In effect, it would free refugees and survivors from detention. These would be positive steps in the right direction, but the resolution still needs to be implemented. We hope it's not just words on paper.

Also, the root causes of the crisis, including systematic abuses in Myanmar, have not been addressed. Until those abuses are addressed, Thailand will still see refugees arriving on its shores. Until those abuses are addressed, we can't confidently say the situation has improved.

BN: Will the situation for Rohingya Muslims improve under the new government in Myanmar?

Smith: We have hope for the NLD [National League for Democracy] government. The NLD inherited an enormous responsibility to undo the human rights abuses of the past military-led regime.

That is no easy task.

However, the NLD has claimed the Rohingya will not be a priority for its government, and we think that's a mistake. Any failure to adequately address the abuses against Rohingya will backfire and ultimately damage the NLD and Myanmar as a whole. These abuses are bad for the entire country, and the entire region.

This is an international issue. In a worst case scenario, a failure to end the abuses against Rohingya could derail the NLD's other noble efforts to reform the country.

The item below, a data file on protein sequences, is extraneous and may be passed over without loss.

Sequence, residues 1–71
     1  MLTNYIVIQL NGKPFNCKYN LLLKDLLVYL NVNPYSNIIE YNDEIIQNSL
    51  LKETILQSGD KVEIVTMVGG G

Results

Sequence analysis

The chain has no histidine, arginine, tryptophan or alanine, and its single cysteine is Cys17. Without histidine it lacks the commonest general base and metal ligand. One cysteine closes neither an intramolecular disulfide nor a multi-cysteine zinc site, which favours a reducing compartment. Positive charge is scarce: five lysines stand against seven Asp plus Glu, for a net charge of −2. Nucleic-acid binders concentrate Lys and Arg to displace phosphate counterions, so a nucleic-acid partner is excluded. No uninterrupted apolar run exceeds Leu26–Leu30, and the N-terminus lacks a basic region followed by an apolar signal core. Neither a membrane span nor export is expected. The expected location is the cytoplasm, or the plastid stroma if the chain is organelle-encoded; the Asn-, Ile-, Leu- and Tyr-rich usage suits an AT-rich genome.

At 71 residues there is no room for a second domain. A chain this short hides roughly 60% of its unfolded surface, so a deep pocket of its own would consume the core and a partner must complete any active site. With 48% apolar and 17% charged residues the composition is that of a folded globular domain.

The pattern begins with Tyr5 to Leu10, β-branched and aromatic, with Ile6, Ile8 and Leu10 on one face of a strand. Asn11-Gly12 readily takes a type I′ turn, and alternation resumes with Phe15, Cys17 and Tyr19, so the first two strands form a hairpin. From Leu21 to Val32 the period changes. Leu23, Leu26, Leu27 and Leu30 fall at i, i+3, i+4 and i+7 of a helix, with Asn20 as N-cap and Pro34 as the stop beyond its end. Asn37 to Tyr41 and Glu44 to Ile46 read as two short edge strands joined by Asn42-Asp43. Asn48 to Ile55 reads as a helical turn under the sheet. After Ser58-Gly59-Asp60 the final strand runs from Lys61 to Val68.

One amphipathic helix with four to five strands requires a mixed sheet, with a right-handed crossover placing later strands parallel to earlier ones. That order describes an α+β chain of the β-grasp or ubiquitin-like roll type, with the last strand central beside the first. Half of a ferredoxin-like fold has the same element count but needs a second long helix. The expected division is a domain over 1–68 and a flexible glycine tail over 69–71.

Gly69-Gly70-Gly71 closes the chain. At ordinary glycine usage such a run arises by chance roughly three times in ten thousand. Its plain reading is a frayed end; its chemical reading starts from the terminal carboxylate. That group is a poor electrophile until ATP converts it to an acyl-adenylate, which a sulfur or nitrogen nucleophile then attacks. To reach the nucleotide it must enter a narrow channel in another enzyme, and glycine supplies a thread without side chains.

BN: Has Aung San Suu Kyi done anything to help improve the situation?

Smith: One of Suu Kyi's first orders of business was to ensure political prisoners were released. On her second day in office, nearly 200 were released. This was momentous and helped inject hope throughout the population, Rohingya included.

But she has not yet taken a strong position in defense of Rohingya rights, and that's a concern. Any failure to address the abuses risks complicity in those abuses.

The NLD would be well advised to support an independent international investigation into the human rights situation in Rakhine state. Such an investigation would provide the NLD with recommendations to improve the situation, and would help clarify the facts about what is happening in Rakhine state. The facts remain hotly contested.